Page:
Denmark My Words
Education in science at the postgraduate level tends to be directed at preparing you with skills for work in academia – even if the jobs we aim for are elsewhere. There seems to be an increasing understanding that working life may take us outside of academics and into for-profit, non-profit, or government work. To bridge that gap in awareness, I enrolled in a course on international scientific careers.
The class had an additional appeal: the tour this year focused on Danish businesses and culminated in a five-day road trip across Denmark. After Corsica, taking yet another opportunity to combine my education with travel feels like I am spoiling myself, but I have no regrets – my adventures only confirm that experience is the best teacher.
Our day off in Denmark was spent exploring Copenhagen on foot and by canalboat.
The companies led us on tours of the facilities and over the course of the week we saw a range of offices, laboratories, and factories, as well as the Fishery and Seafaring Museum (or rather Fiskeri- og Søfartsmuseet) where my group’s project was based. We also got to sit down with industry professionals and pick their brains for insight and advice. Fascinating conversations often ensued, on how to balance responsibility to the shareholders with responsibility to the environment, and the benefits and challenges of genetically modified food.
The trip crystallized my understanding of the division between the worlds of academia and industry. While academics is research, industry too is research-driven, and both fields are heavily propelled by competition. However, they are bound by different constraints. Academics must prove themselves through publications, but are free from the requirement of short-term profit-earning, and this, I believe, allows them to do work of longer-term import. In industry, that need to meet a demand can drive incredible useful innovation.
The massive sculpture “Men by the Sea” can be seen near the Danish city of Esbjerg.
My classmates from non-ocean science backgrounds couldn’t get over
how crazy/cool/scary the aquarium's wolffish were.
Summer officially began upon my return to the Netherlands, which for me means family time. While out with my cousins, we stopped at a herring stand for a traditional Dutch snack. The fishmonger deftly gutted and filleted each whole herring (so we could see its freshness first-hand) while he explained the process by which the herring is preserved.
Although Dutch herring is often called “raw,” it has actually been brined or pickled. Fishing vessels today have the capacity to immediately freeze the catch, but historically, these processes were needed to preserve the food. They also add real love-it or hate-it flavor! It can be eaten on bread with onions, but I prefer to savor the fish itself, so I placed my order for herring plain and “by the tail”. The fishmonger praised my choice: Zoals het hoort! “As it’s meant!”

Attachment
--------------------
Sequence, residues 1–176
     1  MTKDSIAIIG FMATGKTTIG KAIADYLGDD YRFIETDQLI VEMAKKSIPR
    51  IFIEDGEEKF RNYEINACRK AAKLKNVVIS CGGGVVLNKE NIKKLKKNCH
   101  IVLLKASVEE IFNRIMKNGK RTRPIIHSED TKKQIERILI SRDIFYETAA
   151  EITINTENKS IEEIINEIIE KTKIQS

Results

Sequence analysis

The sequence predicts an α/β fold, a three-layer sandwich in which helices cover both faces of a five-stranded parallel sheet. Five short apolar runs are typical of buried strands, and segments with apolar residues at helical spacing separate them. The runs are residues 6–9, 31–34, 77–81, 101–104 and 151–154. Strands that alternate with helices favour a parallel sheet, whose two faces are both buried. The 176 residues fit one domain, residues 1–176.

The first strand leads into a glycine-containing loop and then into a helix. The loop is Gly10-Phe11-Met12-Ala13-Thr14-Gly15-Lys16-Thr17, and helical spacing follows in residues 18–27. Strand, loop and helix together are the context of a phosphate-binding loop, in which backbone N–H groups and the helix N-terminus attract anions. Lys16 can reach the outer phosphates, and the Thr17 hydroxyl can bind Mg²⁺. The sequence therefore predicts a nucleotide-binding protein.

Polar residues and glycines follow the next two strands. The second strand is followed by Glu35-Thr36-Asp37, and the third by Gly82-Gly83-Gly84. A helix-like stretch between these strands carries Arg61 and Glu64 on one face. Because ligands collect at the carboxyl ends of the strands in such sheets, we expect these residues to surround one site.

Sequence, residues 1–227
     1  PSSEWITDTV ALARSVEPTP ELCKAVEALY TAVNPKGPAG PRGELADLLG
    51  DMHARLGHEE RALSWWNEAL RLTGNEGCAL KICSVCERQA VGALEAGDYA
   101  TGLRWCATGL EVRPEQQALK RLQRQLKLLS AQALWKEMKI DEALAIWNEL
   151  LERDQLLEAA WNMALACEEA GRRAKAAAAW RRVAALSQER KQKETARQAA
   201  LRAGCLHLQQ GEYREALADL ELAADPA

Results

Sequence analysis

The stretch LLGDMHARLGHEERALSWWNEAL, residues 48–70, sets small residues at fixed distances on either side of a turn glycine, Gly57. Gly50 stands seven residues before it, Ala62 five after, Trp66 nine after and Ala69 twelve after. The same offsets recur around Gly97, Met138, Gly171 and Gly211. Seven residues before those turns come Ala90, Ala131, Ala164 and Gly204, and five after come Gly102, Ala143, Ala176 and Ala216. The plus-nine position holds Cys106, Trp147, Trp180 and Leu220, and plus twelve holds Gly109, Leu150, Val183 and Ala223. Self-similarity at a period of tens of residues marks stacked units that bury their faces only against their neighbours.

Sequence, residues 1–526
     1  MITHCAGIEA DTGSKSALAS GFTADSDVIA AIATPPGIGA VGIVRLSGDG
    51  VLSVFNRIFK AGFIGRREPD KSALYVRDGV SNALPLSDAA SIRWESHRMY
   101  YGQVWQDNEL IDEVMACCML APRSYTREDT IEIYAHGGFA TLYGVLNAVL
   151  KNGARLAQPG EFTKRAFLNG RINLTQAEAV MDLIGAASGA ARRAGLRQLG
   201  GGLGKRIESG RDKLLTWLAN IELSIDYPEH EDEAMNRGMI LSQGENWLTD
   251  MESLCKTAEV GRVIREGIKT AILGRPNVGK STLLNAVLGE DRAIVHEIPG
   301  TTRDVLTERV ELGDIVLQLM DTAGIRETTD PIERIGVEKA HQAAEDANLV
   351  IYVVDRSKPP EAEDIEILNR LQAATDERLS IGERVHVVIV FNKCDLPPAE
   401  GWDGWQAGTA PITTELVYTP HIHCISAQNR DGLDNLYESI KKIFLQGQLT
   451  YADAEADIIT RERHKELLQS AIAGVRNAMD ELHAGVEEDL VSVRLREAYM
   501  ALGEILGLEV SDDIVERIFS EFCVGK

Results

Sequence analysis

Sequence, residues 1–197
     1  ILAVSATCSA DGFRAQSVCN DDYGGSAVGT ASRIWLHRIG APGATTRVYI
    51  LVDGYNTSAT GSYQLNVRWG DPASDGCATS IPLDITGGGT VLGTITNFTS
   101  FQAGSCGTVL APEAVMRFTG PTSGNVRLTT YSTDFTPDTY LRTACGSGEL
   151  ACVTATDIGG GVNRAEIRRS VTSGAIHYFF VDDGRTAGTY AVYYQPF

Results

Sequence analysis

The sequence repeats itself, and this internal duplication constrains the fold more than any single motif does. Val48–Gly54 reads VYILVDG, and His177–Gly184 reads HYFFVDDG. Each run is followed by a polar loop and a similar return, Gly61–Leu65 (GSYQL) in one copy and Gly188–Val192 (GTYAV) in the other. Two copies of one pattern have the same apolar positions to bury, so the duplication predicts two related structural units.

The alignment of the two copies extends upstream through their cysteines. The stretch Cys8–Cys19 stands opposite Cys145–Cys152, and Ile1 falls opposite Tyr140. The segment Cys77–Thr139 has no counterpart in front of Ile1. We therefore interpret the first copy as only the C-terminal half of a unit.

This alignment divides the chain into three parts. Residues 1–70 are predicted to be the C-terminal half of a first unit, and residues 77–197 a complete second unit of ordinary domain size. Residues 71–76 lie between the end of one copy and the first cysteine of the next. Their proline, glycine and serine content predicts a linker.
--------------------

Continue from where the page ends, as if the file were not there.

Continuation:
Old-school Dutch snack: herring, pickled – and held by the tail. Mm!
The northern Europe herring fishery is considered sustainably managed, but its boom and bust has defined coastal communities for centuries.
I had learned in the museum in Esbjerg that drift nets were used to catch herring in in the Middle Ages. Herring populations are naturally very variable, and their boom and bust cycles guided the rise and fall of coastal civilizations in northern Europe. These days, North Sea herring are steadily fished, and generally regarded as sustainably managed. Herring are forage fish and their low position in the food pyramid means that they are of critical importance for supporting the large predators that feed on them. Since these small fish are actually more suited to supporting fisheries than their predators (like tuna, which grow and reproduce slowly), I allow myself the occasional indulgence.
In summer it stays light past 10pm. The town of Zutphen was stunning in the late evening light.
I am prepared to graduate by the end of this summer with an MSc in Marine Biology, with a focus on research. However, I’ve had another idea brewing for a while now, and I’ve officially concluded to go through with it. This fall, I’ll extend my study at the University of Groningen for a year to pursue a second focus on science business and policy. I’m thrilled that this will allow me to build on my eye-opening experience in Denmark learning about science in a business setting, and to delve into how policies guiding the sustainability of fisheries (such as the herring I discussed) are made, enforced, and monitored.
So, I’m joining Melissa, pushing on with summer work to prepare for a new autumn program!